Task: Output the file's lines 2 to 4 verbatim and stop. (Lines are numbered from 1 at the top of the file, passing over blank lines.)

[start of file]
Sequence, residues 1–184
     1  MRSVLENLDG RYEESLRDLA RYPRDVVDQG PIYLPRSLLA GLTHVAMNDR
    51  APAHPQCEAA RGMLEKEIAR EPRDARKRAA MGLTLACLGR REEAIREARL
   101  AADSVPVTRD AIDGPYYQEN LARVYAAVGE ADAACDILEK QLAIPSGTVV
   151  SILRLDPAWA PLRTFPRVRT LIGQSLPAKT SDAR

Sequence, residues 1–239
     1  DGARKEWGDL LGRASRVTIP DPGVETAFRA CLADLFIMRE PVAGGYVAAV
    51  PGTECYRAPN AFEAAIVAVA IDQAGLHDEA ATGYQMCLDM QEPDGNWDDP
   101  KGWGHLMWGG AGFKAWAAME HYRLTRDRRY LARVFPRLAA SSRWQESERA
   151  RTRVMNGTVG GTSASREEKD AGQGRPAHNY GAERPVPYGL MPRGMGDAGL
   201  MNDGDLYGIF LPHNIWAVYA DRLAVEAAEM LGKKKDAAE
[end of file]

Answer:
     1  MRSVLENLDG RYEESLRDLA RYPRDVVDQG PIYLPRSLLA GLTHVAMNDR
    51  APAHPQCEAA RGMLEKEIAR EPRDARKRAA MGLTLACLGR REEAIREARL
   101  AADSVPVTRD AIDGPYYQEN LARVYAAVGE ADAACDILEK QLAIPSGTVV